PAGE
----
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    Connections - Entries from February 2014

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    WedWednesdayFebFebruary19th2014 New Member Spotlight (2/19/2014)
    byMark Ridge Tagged No tags 0 comments Add comment

    The Membership Ministry Team would like to welcome new member Lance Schinckel. He was voted in as a full member at the February Family Gathering. 

    Lance is the son of KSBC members Allan and Deb Schinckel and has been a lifelong attender of Kossuth. Lance is currently a junior at Purdue University working toward his degree in Industrial Management. Lance is a regular attendee and part of the leadership team of Salt & Light Christian Fellowship.

    Please introduce yourself as you see Lance and welcome him to the KSBC family. 

    ThuThursdayFebFebruary13th2014 Season of Fasting & Prayer
    byAbraham Cremeens Tagged No tags 0 comments Add comment

    I hope you're planning to join us next week as we set aside a few days to seek God through the disciplines of prayer and fasting. To help introduce you to the idea behind this special season in the life of our church, check out this short video in which I talk about some of the opportunities we'll have during these four days:

    If you would like to access an electronic copy of the prayer guide that I mention in the video, you can do so here.

    Also, here are the homes where prayer gatherings will be taking place each evening:

    Thursday, February 20 (7:00-8:30 pm)
    Abraham & Kari Cremeens
    Drew & Elizabeth Humphrey
    Mikel & Jessica Berger
    Dan & Peggy Dillon

    Friday, February 21 (7:00-8:30 pm)
    Don & Sue Whipple
    Bill & Sarah Davis
    Crosswalk Commons (for SLCF)

    Saturday, February 22 (7:00-8:30 pm)
    Brian & Karen Musser
    Don & Sue Whipple

    I look forward to praying and fasting with you!

    ThuThursdayFebFebruary6th2014 Book Recommendation: Playing God
    byDrew Humphrey Tagged No tags 0 comments Add comment

    Power is something we seem to be most keenly aware of when we lack it. We hear about the decisions made in Washington, and we’re reminded that we lack the power to legislate. We watch professional athletes on television, and we’re reminded that we lack the power to run through the tackles of 250-pound linebackers. Many of us listen to beautiful music, and we’re reminded that we lack the power to sing on key.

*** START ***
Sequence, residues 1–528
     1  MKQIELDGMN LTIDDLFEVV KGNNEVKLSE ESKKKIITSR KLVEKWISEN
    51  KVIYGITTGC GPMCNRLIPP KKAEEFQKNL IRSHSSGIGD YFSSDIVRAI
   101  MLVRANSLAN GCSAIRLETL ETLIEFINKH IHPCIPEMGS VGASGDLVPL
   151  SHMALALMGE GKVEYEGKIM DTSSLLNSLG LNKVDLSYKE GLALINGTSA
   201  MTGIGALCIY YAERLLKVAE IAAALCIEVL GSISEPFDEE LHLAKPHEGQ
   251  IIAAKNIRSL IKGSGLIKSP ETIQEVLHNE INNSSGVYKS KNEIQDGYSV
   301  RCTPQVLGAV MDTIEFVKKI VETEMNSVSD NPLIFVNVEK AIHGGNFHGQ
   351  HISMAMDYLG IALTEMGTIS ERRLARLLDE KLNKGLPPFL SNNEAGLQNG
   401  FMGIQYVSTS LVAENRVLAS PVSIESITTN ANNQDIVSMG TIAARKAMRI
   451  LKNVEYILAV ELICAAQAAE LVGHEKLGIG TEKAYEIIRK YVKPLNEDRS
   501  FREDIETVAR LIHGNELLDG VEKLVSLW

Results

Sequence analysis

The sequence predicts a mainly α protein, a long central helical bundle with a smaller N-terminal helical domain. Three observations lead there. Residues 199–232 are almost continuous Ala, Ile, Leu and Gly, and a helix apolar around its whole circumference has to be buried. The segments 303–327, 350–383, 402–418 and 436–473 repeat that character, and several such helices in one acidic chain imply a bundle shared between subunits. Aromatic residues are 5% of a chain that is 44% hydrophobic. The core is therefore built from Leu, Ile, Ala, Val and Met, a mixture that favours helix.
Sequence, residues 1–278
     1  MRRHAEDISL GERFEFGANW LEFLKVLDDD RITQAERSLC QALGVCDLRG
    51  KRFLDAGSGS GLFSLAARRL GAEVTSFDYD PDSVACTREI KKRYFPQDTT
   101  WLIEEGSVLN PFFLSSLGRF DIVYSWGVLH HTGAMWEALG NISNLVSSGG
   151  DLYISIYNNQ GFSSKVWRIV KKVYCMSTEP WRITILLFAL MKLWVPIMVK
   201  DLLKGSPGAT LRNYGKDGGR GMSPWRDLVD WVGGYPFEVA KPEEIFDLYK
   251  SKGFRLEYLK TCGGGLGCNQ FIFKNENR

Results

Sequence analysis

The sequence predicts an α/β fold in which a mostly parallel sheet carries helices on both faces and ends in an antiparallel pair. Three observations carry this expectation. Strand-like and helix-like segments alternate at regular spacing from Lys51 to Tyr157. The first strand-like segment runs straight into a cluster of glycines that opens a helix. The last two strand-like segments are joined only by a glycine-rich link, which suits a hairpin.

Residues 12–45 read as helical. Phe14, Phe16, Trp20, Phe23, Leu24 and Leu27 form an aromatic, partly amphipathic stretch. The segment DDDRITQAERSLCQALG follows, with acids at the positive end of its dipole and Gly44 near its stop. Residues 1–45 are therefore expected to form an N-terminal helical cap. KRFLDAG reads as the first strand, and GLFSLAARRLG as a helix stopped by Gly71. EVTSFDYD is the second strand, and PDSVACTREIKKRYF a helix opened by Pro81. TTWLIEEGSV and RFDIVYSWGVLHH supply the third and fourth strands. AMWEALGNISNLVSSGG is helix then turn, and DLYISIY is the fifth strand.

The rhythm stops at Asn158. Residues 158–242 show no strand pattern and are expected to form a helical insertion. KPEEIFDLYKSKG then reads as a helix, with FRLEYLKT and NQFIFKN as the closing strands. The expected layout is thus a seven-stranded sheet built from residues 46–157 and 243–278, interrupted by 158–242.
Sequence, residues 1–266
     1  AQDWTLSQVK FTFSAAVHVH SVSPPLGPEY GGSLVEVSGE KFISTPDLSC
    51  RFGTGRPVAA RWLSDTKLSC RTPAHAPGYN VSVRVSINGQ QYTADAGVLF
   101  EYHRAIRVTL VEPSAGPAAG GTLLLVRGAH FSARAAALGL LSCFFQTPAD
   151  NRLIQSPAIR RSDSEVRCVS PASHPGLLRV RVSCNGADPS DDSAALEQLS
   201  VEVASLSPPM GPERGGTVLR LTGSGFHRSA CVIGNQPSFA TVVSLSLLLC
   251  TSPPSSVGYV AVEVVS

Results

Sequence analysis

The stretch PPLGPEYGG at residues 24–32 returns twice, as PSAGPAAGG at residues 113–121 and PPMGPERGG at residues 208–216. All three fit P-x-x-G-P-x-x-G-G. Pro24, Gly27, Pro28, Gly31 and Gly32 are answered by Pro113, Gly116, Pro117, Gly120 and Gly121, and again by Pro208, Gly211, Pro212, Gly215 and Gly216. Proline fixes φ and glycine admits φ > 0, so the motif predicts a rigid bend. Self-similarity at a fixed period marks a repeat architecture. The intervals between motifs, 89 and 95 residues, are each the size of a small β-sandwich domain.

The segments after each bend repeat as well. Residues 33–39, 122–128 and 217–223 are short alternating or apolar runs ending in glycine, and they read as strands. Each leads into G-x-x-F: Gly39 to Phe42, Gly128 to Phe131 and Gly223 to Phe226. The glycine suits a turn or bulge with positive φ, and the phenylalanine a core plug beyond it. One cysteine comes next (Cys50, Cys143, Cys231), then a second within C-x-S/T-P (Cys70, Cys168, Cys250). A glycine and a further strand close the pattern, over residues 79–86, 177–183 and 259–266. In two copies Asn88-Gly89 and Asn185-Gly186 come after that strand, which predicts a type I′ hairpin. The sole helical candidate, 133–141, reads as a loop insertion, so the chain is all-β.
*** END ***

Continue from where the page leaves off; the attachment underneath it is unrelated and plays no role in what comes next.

But in Andy Crouch’s newest book Playing God: Redeeming the Gift of Power, he shows us that power is not merely something that other people have. Power is something that everyone has, whether we realize it or not. Defining power as “the ability to participate in that stuff-making, sense-making process that is the most distinctive thing that human beings do,” Crouch proceeds to craft a discussion whose universal appeal comes by way of its universal relevance. Power touches each of us, leaving none of us exempt from the need to know how to handle it—whether it is in our parenting, our business relations, our habits of consumption, our cultural involvement, our financial decisions, or any number of other things.

    It is common for people look at power in one of two ways: either it is something to be seized and exercised at will (hence tyranny), or it is an evil to be avoided and destroyed (hence anarchy). Yet in his characteristically careful and insightful manner, Crouch takes his readers down a better road, showing that power is to be neither hoarded nor despised, but received and stewarded as a good gift from God—fraught with dangers, to be sure, but a gift nonetheless.

    Crouch is anything but naïve; he admits, “Any claim that power can be a good thing is subject to intense suspicion, if not the settled prejudice of cynicism.” But his case is a good one. He is a patient writer (thus requiring patience to read), but his patience proves persuasive. He takes the time to develop a nuanced argument which brings biblical clarity to an issue that many of us rarely even consider.

    Be warned: this book can be devastating at times. (His chapters on Idolatry and Injustice are as convicting as they are brilliant.) But I am not entirely convinced that some timely devastation wouldn’t do us all some good—especially those of us who take our power and privilege for granted. As Crouch points out, “The powerful have a hard time seeing their own power and its effects. We do not see when our exercise of power is cutting off life and possibility for others; we do not see the ways others are resisting or undermining our own power.”

    What makes this book so valuable is that it helps us see. It opens our eyes and points us toward the horrifying possibilities of how we can (and often do) abuse and neglect our power. But it also points us toward the hopeful possibilities of how we can steward our power for the flourishing of others and the glory of God.

    Previous Book Recommendations:

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